Additional revisions to the process for requesting exclusions from the Section 232 tariffs and quantitative limitations on imports of aluminum and steel would be made under a new proposed rule from the Bureau of Industry and Security. Comments on the proposed changes are due no later than Oct. 12.

The Section 232 tariffs were first imposed in March 2018, but BIS may grant exclusions if it determines that a given steel or aluminum article (1) is not produced in the U.S. in a sufficient and reasonably available amount or of a satisfactory quality or (2) should be excluded based on specific national security considerations.” The U.S. subsequently replaced the tariffs with tariff-rate quotas for imports of covered steel and aluminum from specific countries.

BIS states that it is now proposing the following primary changes intended to create a more transparent, fair, and efficient tariff exclusion process.

- changing the criteria generally used for determining generally accepted exclusions by focusing on the substance of objections submitted rather than whether any objection has been submitted or not

- introducing a general denied exclusions process to limit further exclusions on products that have consistently been found to be manufactured in the U.S. (similar to GAEs, GDEs would be implemented based on the volume and substance of objections submitted)

- modifying the existing certification language on the exclusion request form so that, before filing a request, requesters would also need to certify (and provide evidence – BIS is seeking input on the nature of such evidence) that they have first made reasonable efforts to source their product from the U.S. and, if unsuccessful, from a country with which the U.S. has arrived at a satisfactory alternative means to address national security concerns (currently Argentina, Australia, Brazil, Canada, the European Union, Japan, Mexico, South Korea, and the United Kingdom)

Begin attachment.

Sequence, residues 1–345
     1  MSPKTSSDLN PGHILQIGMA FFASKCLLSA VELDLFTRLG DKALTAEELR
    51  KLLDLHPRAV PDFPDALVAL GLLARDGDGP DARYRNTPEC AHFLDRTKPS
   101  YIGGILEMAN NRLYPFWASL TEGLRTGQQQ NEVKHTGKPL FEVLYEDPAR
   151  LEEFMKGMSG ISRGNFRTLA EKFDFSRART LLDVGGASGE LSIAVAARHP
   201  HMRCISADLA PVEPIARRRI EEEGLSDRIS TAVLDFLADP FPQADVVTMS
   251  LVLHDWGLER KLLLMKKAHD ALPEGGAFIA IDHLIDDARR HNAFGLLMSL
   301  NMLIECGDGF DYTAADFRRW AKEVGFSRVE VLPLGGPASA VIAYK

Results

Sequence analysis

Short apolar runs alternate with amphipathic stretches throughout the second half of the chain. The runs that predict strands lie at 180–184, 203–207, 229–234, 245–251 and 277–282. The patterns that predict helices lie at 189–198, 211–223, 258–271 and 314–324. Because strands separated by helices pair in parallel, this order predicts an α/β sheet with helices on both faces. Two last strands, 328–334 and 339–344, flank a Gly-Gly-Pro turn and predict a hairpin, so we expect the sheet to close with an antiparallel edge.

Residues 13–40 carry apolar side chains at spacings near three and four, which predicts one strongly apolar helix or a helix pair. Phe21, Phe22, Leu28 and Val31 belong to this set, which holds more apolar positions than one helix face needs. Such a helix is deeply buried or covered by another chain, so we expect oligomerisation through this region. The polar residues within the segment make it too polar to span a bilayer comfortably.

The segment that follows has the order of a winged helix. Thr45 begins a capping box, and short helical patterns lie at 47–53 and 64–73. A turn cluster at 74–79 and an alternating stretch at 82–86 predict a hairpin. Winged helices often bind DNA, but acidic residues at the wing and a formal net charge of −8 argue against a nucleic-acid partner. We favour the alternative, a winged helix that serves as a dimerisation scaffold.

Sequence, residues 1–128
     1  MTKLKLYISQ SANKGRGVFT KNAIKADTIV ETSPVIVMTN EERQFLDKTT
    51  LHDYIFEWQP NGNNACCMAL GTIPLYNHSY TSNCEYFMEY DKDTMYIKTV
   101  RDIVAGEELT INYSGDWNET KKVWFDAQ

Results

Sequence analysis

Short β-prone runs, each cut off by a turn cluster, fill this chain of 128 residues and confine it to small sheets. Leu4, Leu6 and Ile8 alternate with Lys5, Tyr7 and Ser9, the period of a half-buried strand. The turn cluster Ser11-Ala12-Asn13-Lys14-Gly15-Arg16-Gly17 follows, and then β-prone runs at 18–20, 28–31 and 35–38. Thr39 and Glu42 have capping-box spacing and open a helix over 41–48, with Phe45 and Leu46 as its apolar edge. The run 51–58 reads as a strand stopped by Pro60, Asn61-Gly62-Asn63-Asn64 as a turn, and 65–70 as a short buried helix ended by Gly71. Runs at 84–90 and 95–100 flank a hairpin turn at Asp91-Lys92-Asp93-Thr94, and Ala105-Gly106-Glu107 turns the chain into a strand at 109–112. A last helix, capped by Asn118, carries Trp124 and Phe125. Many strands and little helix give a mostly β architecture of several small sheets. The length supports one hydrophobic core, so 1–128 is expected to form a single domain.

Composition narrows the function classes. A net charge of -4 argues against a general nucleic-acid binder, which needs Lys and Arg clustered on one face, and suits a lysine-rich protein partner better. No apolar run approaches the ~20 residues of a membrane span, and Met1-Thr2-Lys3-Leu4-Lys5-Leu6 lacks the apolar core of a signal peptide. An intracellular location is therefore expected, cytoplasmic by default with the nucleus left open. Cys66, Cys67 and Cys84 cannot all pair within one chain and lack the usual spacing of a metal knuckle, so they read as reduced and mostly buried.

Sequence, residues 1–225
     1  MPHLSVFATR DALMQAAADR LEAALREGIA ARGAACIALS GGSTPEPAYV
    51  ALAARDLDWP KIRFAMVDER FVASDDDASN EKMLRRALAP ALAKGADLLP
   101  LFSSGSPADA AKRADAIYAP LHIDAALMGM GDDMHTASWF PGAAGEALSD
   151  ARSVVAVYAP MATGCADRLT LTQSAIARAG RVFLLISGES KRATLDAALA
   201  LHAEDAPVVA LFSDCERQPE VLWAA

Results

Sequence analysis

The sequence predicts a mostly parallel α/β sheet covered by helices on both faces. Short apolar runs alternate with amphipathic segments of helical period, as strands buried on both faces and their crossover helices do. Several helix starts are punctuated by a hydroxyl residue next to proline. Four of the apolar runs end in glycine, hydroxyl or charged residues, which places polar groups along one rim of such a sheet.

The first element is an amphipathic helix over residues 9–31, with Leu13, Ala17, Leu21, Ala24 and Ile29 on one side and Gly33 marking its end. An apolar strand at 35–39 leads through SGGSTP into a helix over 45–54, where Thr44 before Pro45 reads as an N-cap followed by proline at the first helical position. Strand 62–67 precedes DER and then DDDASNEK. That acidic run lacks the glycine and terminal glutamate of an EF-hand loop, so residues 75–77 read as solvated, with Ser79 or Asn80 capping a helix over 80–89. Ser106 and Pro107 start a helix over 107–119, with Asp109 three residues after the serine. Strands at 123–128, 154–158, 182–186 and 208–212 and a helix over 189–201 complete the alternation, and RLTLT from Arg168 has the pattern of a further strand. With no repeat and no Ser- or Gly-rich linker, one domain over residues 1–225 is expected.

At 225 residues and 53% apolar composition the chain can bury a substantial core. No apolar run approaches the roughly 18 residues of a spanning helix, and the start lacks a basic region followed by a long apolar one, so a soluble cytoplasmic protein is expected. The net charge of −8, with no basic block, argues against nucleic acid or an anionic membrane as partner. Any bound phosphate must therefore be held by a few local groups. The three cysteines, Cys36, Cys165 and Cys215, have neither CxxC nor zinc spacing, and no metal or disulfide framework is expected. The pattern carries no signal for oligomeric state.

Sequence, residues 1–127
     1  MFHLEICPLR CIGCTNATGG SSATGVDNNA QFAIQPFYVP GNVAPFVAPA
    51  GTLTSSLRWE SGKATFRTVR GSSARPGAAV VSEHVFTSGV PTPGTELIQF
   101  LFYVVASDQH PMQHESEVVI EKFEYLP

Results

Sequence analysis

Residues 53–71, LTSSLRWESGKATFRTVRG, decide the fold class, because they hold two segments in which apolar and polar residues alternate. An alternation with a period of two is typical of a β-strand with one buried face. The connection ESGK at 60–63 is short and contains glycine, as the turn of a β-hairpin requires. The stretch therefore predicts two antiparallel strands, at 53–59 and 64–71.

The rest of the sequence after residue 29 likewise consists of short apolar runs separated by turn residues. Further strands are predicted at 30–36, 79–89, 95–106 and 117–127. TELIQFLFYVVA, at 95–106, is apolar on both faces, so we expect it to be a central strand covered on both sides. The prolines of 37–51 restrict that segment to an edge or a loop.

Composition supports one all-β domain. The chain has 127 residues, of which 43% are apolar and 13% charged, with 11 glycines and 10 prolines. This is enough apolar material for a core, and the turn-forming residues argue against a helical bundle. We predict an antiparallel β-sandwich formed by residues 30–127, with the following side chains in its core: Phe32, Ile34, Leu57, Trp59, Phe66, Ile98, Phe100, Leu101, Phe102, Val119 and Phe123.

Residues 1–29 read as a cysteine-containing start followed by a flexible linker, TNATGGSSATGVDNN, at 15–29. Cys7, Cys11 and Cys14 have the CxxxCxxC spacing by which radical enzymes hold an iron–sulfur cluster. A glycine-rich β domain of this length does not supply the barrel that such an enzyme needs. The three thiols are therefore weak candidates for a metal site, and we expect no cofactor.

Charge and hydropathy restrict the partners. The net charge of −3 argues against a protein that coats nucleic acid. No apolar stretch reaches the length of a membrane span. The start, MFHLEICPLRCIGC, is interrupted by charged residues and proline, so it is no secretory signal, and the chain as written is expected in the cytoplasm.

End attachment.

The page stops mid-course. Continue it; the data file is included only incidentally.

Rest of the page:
- proposing similar certification language on (and evidentiary requirements for) the objection form to further ensure that objectors can supply comparable quality and quantity steel or aluminum and make it immediately available to requestors

Copyright © 2024 Sandler, Travis & Rosenberg, P.A.; WorldTrade Interactive, Inc. All rights reserved.

ST&R: International Trade Law & Policy

Since 1977, we have set the standard for international trade lawyers and consultants, providing comprehensive and effective customs, import and export services to clients worldwide.

View Our Services 


Cookie Consent

We have updated our Privacy Policy relating to our use of cookies on our website and the sharing of information. By continuing to use our website or subscribe to our publications, you agree to the Privacy Policy and Terms & Conditions.